RFR: 6515172: Runtime.availableProcessors() ignores Linux taskset command
Daniel D. Daugherty
daniel.daugherty at oracle.com
Tue Jan 26 21:47:12 UTC 2016
On 1/26/16 2:12 PM, David Holmes wrote:
> Update ...
> On 22/01/2016 6:06 PM, David Holmes wrote:
>> First a special thanks to Martin Buchholz for his input, feedback,
>> critique and raising awareness of how non-simple this issue is.
>> bug: https://bugs.openjdk.java.net/browse/JDK-6515172
>> webrev: http://cr.openjdk.java.net/~dholmes/6515172/webrev/
>> Basic problem:
>> processors available for use <= processors online <= processors
>> but we always returned the number of online processors.
>> Solution is simple in its basic form: use sched_getaffinity to get the
>> scheduling affinity mask and count the number of available processors.
>> Details are complicated by the desire to handle very large processor
>> systems. See the bug report for lots of detailed discussions and
>> - new test that verifies behaviour when running under taskset
>> - diagnostic hook injection (UseNewCodeN) to enable testing of all
>> code paths (one hook is left in for non-product to allow easy testing of
>> the dynamic path)
> I have been told that using the development flag UseNewCode in
> released code is a bad idea because it is used internally during
> development (as per its defined purpose).
> I would like to be able to test the dynamic path easily, but I didn't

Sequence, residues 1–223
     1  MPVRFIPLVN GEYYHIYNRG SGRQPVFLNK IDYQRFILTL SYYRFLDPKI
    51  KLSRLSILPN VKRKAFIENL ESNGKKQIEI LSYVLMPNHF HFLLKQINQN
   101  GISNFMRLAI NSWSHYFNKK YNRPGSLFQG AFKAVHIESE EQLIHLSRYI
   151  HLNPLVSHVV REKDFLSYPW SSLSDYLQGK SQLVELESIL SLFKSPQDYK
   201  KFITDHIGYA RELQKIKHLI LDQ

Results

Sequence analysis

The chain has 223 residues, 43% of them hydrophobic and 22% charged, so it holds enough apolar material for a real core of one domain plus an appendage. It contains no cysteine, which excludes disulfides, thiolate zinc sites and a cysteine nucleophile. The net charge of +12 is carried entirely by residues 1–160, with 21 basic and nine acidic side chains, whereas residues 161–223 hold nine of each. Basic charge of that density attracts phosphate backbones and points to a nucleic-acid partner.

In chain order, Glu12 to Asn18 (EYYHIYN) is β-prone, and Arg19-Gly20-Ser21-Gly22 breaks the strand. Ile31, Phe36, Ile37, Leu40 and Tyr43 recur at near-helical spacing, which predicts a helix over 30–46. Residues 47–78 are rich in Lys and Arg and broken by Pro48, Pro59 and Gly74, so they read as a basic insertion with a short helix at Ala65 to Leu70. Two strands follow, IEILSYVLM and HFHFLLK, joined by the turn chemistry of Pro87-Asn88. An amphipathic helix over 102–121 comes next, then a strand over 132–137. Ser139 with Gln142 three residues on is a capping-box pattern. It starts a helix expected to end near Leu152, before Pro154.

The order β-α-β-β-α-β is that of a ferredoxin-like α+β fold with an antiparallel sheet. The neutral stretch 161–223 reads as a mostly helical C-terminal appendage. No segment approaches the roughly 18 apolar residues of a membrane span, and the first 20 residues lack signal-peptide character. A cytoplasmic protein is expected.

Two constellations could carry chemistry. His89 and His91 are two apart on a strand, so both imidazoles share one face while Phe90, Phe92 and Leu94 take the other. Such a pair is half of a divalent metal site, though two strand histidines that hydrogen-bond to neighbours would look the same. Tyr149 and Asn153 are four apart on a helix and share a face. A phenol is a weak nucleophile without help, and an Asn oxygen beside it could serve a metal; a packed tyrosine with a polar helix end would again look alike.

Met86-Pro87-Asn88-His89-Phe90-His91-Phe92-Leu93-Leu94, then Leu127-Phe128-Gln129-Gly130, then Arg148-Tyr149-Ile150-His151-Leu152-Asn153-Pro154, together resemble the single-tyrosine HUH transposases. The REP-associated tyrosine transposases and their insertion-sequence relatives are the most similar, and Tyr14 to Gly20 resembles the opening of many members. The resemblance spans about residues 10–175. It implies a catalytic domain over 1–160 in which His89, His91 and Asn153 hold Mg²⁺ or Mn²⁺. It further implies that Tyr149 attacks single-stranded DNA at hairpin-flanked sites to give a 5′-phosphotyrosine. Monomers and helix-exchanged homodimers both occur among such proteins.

> want to pay the price of adding a new VM option to do it. So choices are:
> a) don't do anything (remove the UseNewCode check)
> b) add a new diagnostic flag
> c) add a new experimental flag
With a plan (and a bug) to remove that option down the road.
And a code review.
Nice test. I like that the default (no args) runs a set of tests
and if you (manually) run the test with a specific arg it will
check just that one value.
Thumbs up! (Assuming you change UseNewCode to something else or
delete its use all together.
>> - JPRT
>> Compatability issues:
>> - the system code we're using now is at least 5 years old so distro's
>> older than that (which are not officially supported) may not work
>> - anyone already running under a processor constrained environment (like
>> Docker) and using availableProcessor() to "size" things, will find that
>> size has now changed. We do not expect this to be a problem - on the
>> contrary we expect Docker users to want the new behaviour.
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